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February

Flowers & Ornamental Grasses

Flowers & Ornamental Grasses

Fruits, Vegetables & Herbs

Fruits, Vegetables & Herbs

  • Make a list of herbs you use for cooking, crafts and gifts.  Plan to grow a few of your favorites in this year’s garden.
  • Create a seeding chart for recording plant names, starting dates and other important information. 
  • Start vegetable plants from seeds indoors. Follow packet directions for planting times. Use clean containers and sterile seed starting mix.
  • Fertilize seedlings once they begin to grow.  Use a dilute solution of a complete water-soluble fertilizer every other week.
  • Check seedlings for sudden wilting and collapsed stems caused by damping off disease.
  • Add a little zip and nutrition to your winter meals with homegrown microgreens.
  • Start thinning and pruning raspberry plantings as the snow begins to recede and before growth begins.
  • Those gardening in milder climates can start cleaning the garden as weather permits. Check and repair animal damage, remove plant debris and cut back grasses and perennials as needed.
  • Continue to monitor plants for animal damage throughout the winter.

Groundcovers & Vines

Groundcovers & Vines

  • Continue to monitor your landscape for signs of rabbit, vole and deer damage.  Adjust protective fencing, reapply repellents and alternate scare tactics as needed,
  • Watch for and manage frost heaving in the garden caused by freezing and thawing of the soil throughout the winter.
  • Monitor the health of tropical vines overwintering indoors. Make any needed changes in their care.
  • Purchase or build supports for new or existing vines as needed.
  • Southern gardeners can begin pruning overgrown summer-flowering vines.
  • Dig, divide or prune liriope back to 3 to 4 inches above the soil surface if gardening in the south.

Indoor & Holiday Plants

Indoor & Holiday Plants

  • Continue removing forced bulbs out of cold storage. Place in a cool location and allow several weeks for the bulbs to sprout and bloom.
  • Once forced bulbs are done flowering you can grow them on like houseplants before placing in the garden or add them to the compost pile.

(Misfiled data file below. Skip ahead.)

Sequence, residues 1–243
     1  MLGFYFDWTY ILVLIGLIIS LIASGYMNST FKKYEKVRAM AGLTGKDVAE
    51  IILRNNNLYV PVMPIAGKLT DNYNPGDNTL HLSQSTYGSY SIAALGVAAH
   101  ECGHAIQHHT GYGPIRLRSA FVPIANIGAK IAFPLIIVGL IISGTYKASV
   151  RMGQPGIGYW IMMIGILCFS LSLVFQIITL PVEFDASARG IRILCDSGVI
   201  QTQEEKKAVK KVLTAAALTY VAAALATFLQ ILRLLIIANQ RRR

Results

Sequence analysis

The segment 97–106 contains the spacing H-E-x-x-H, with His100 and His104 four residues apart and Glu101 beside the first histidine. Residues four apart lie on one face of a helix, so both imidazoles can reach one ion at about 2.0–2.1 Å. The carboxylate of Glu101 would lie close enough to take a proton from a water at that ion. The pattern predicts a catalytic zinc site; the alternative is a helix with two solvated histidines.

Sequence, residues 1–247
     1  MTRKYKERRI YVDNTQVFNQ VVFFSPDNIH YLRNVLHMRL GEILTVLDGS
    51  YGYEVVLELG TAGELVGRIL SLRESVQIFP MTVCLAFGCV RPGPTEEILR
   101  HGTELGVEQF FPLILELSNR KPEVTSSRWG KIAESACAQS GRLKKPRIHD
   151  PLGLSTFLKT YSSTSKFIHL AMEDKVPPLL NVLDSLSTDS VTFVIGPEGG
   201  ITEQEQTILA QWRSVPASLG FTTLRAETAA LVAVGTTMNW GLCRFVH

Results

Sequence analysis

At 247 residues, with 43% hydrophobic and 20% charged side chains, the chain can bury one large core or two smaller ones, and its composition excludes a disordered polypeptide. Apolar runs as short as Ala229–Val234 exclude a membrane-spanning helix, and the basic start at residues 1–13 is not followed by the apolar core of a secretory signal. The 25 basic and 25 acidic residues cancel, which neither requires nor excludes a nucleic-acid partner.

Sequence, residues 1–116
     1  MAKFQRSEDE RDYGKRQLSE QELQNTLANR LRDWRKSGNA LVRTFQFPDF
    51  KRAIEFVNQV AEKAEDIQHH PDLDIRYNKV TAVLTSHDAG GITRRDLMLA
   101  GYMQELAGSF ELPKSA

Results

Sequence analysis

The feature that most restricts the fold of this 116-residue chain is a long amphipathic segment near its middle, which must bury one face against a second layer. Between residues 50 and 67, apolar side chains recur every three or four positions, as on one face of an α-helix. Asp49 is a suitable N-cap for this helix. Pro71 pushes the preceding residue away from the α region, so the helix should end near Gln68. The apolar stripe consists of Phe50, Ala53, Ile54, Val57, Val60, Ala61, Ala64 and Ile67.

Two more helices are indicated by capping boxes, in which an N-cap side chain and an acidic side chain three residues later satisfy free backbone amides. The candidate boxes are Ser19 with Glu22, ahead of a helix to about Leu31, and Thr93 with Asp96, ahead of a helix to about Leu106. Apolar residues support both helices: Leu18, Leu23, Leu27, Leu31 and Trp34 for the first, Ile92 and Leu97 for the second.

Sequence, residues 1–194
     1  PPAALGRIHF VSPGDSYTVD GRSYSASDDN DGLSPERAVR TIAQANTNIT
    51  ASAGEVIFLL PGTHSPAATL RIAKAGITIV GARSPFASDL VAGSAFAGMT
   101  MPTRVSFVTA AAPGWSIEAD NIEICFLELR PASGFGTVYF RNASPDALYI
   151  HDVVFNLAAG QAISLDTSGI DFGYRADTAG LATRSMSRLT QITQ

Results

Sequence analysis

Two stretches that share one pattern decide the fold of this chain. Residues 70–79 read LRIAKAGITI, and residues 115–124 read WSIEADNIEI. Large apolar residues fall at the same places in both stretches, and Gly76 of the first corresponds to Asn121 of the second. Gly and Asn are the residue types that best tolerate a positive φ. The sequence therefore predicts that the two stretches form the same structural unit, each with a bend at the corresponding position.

• Remove the flower stem on your amaryllis once the blossoms fade. Grow it like your other houseplants if you plan on forcing it to rebloom.
  • Clip a few branches from spring-flowering trees and shrubs such as crabapples, serviceberry, spicebush, forsythia and pussy willows to force for indoor bloom.
  • Finish pruning tropical hibiscus overwintered indoors to encourage summer bloom outdoors. Start fertilizing with a flowering plant food once new growth begins.
  • Transplant potbound houseplants into a container with drainage holes that is one size larger than the current pot.
  • Check houseplants for salt buildup.  This appears as a crusty, white substance on the soil surface or as white stain rings on clay pots.
  • Watch for mealybugs that look like little pieces of cotton in the leaf joints and stems of a variety of houseplants.
  • Leaf spot diseases can attack houseplants, especially those that have been overwatered.  Remove infected leaves and adjust care to correct the problem.

Lawns

Lawns

Trees, Shrubs & Roses

Trees, Shrubs & Roses

Upcoming Appearances


May 18 & 19, 2019
Party for the Planet
Milwaukee County Zoo

May 19, 2019
Ebert's Greenhouse Village
Ixonia, WI

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Book an Appearance

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Win Melinda's Container Gardening DVD set!

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